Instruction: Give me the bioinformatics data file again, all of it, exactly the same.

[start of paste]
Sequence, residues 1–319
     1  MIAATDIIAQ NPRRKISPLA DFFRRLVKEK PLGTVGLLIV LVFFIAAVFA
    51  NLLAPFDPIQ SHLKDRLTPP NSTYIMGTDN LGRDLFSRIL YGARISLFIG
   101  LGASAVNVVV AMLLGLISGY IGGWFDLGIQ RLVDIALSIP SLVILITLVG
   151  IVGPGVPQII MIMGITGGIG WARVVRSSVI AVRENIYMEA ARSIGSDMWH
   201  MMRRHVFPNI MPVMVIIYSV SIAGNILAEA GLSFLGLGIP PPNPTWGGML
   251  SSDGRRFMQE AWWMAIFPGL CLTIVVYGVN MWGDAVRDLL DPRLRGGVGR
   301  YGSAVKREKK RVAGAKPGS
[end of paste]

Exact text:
Sequence, residues 1–319
     1  MIAATDIIAQ NPRRKISPLA DFFRRLVKEK PLGTVGLLIV LVFFIAAVFA
    51  NLLAPFDPIQ SHLKDRLTPP NSTYIMGTDN LGRDLFSRIL YGARISLFIG
   101  LGASAVNVVV AMLLGLISGY IGGWFDLGIQ RLVDIALSIP SLVILITLVG
   151  IVGPGVPQII MIMGITGGIG WARVVRSSVI AVRENIYMEA ARSIGSDMWH
   201  MMRRHVFPNI MPVMVIIYSV SIAGNILAEA GLSFLGLGIP PPNPTWGGML
   251  SSDGRRFMQE AWWMAIFPGL CLTIVVYGVN MWGDAVRDLL DPRLRGGVGR
   301  YGSAVKREKK RVAGAKPGS